[show abstract][hide abstract] ABSTRACT: To evaluate the relationship between bus stop characteristics and pedestrian-motor vehicle collisions.
This was a matched case-control study where the units of study were pedestrian crossings in Lima, Peru. We performed a random sample of 11 police commissaries in Lima, Peru. Data collection occurred from February 2011 to September 2011. A total of 97 intersection cases representing 1134 collisions and 40 mid-block cases representing 469 collisions that occurred between October 2010 and January 2011, and their matched controls, were included. The main exposures assessed were presence of a bus stop and specific bus stop characteristics. The main outcome measure was occurrence of a pedestrian-motor vehicle collision.
Intersections with bus stops were three times more likely to have a pedestrian-vehicle collision (OR 3.28, 95% CI 1.53 to 7.03), relative to intersections without bus stops. Formal and informal bus stops were associated with higher odds of a collision at intersections (OR 6.23, 95% CI 1.76 to 22.0 and OR 2.98, 1.37 to 6.49). At mid-block sites, bus stops on a bus-dedicated transit lane were also associated with collision risk (OR 2.36, 95% CI 1.02 to 5.42). All bus stops were located prior to the intersection, contrary to practices in most high-income countries.
In urban Lima, the presence of a bus stop was associated with a threefold increase in risk of a pedestrian collision. The highly competitive environment among bus companies may provide an economic incentive for risky practices, such as dropping off passengers in the middle of traffic and jockeying for position with other buses. Bus stop placement should be considered to improve pedestrian safety.
[show abstract][hide abstract] ABSTRACT: This study aimed to determine the prevalence and predictors of poor 3- and 12-month quality of life outcomes in a cohort of pediatric patients with isolated mild TBI. We conducted a prospective cohort study of children <18 years treated for an isolated mild TBI, defined as no radiographically apparent intracranial injury or an isolated skull fracture, and no other clinically significant non-head injuries. The main outcome measure was the change in quality of life from baseline at 3 and 12 months following injury, as measured by the Pediatric Quality of Life index (PedsQL). Poor functioning was defined as a decrease in total PedsQL score of more than 15 points between baseline and follow-up scores (at 3 and 12 months). Of the 329 patients who met inclusion criteria, 11.3% (95% CI 8.3%-15.3%) at 3 months and 12.9% (95% CI 9.6%-17.2%) at 12 months following injury had relatively poor functioning. Significant predictors of poor functioning included less parental education, Hispanic ethnicity (at 3 months following injury, but not 12 months); low household income (at 3 and 12 months), and Medicaid insurance (at 12 months only). Children sustaining a mild TBI who are socioeconomically disadvantaged may require additional intervention to mitigate the effects of mild TBI on their functioning.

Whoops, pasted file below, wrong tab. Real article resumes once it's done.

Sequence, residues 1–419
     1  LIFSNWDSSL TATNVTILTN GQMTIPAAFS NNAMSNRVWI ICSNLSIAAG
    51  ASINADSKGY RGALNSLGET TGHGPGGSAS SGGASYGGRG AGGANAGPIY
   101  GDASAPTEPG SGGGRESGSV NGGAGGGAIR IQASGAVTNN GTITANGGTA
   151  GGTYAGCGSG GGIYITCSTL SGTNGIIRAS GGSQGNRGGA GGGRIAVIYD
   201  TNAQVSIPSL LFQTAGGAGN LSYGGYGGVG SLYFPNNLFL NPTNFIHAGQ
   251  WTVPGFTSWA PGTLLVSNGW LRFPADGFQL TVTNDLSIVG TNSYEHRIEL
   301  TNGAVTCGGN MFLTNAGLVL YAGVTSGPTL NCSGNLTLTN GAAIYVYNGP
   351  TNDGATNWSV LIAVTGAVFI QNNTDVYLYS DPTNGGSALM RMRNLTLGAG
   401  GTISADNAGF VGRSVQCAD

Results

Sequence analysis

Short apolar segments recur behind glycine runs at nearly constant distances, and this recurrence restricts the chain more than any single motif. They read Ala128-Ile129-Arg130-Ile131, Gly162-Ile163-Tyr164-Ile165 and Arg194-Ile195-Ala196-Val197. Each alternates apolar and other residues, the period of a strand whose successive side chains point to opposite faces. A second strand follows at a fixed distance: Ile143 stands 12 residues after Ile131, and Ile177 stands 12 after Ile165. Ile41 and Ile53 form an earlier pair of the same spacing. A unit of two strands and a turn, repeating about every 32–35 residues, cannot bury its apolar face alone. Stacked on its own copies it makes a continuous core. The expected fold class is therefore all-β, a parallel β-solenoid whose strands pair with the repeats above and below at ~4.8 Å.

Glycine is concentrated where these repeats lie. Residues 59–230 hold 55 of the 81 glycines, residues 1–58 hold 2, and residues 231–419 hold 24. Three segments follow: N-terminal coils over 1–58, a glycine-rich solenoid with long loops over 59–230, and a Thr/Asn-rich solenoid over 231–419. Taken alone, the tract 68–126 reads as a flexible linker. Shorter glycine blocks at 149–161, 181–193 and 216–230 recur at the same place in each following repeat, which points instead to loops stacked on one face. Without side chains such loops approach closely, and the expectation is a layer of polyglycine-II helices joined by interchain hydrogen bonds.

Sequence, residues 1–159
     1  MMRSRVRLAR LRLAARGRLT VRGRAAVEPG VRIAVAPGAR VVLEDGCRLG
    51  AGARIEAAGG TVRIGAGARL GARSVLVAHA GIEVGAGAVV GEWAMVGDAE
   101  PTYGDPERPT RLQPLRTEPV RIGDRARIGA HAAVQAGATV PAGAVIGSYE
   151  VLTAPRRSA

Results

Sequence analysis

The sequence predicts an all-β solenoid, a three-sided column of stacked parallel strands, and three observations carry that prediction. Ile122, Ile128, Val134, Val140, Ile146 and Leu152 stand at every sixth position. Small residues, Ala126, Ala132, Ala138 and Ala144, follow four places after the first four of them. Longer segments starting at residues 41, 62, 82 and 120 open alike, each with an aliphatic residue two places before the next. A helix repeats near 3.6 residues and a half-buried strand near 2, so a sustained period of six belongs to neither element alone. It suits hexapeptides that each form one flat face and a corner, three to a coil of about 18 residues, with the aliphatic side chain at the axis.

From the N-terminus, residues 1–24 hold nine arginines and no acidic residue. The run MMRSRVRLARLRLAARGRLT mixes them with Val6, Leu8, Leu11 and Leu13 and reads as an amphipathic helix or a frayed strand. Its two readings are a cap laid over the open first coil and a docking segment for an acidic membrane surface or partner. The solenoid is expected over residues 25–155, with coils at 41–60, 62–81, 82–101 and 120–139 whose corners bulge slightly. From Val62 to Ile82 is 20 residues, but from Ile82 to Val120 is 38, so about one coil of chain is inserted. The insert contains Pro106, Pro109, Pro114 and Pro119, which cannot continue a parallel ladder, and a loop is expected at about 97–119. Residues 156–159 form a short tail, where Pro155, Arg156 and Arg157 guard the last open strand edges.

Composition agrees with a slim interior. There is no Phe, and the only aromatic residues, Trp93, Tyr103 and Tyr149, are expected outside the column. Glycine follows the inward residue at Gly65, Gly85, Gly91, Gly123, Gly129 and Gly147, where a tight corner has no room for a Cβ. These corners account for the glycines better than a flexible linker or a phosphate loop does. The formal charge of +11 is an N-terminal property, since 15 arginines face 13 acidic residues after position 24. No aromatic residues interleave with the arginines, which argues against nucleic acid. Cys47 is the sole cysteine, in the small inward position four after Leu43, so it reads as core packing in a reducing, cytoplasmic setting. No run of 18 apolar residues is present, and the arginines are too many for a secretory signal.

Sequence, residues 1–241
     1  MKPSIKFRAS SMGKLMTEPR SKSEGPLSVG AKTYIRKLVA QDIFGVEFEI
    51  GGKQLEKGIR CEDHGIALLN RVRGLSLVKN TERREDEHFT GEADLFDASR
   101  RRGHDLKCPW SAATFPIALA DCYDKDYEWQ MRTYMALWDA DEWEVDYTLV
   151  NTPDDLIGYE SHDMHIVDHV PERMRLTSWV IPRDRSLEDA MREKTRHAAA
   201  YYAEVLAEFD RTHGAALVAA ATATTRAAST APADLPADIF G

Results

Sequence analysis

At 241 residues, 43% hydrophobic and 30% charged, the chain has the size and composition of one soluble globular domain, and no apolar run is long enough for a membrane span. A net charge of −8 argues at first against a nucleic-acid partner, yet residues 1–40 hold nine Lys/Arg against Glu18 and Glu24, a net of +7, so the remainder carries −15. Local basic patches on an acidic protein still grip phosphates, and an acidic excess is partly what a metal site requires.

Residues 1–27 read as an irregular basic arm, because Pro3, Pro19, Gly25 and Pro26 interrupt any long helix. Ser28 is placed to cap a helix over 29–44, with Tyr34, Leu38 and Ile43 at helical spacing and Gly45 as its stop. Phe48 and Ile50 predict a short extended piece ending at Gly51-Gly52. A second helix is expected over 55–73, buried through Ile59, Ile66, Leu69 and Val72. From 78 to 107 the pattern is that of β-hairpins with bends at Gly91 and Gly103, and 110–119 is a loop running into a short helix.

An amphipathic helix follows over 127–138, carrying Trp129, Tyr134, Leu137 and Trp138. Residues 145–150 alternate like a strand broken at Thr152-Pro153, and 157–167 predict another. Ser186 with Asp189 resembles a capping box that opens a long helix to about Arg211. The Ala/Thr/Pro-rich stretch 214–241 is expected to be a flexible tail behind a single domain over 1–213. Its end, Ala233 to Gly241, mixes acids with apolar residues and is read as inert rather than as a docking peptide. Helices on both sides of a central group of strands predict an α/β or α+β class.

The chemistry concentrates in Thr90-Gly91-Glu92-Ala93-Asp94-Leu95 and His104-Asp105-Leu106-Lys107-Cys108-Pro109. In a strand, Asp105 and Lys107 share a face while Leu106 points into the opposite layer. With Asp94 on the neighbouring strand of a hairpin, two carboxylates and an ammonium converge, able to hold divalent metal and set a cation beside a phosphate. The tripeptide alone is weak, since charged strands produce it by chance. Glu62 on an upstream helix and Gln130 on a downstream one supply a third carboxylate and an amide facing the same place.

Journal of neurotrauma 12/2013; · 4.25 Impact Factor
[show abstract][hide abstract] ABSTRACT: Many new therapies for dementia target a specific pathologic process and must be applied early. Selection of specific therapy is based on the clinical etiologic diagnosis. We sought to determine the stability of the clinical etiologic diagnosis over time and to identify factors associated with instability. We identified 4141 patients with dementia or mild cognitive impairment who made at least 2 visits approximately a year apart to a dementia research center, receiving a clinical etiologic diagnosis on each visit. We assessed concordance of etiologic diagnoses across visits, κ-statistics, and transition probabilities among diagnoses. The primary clinical etiologic diagnosis remained stable for 91% of patients but with a net shift toward dementia with Lewy bodies and Alzheimer's disease. Lower diagnostic stability was significantly associated with older age, nonwhite race, milder disease at presentation, more underlying conditions contributing to cognitive decline, lack of a consistent spouse/partner informant, and being evaluated by different clinicians on different visits. Multistate Markov modeling generally confirmed these associations. Clinical etiologic diagnoses were generally stable. However, several readily ascertained characteristics were associated with higher instability. These associations may be useful to clinicians for anticipating when an etiologic diagnosis may be more prone to future change.
American Journal of Alzheimer s Disease and Other Dementias 12/2013; 28(8):750-8. · 1.52 Impact Factor